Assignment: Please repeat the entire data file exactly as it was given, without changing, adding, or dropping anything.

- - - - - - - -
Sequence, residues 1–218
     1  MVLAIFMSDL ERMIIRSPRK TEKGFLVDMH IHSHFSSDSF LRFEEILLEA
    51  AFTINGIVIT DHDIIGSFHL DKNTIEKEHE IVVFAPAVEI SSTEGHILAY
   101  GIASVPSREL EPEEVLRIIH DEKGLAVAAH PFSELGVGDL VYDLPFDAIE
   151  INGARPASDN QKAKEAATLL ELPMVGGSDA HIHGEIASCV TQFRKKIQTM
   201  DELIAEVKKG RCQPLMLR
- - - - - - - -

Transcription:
Sequence, residues 1–218
     1  MVLAIFMSDL ERMIIRSPRK TEKGFLVDMH IHSHFSSDSF LRFEEILLEA
    51  AFTINGIVIT DHDIIGSFHL DKNTIEKEHE IVVFAPAVEI SSTEGHILAY
   101  GIASVPSREL EPEEVLRIIH DEKGLAVAAH PFSELGVGDL VYDLPFDAIE
   151  INGARPASDN QKAKEAATLL ELPMVGGSDA HIHGEIASCV TQFRKKIQTM
   201  DELIAEVKKG RCQPLMLR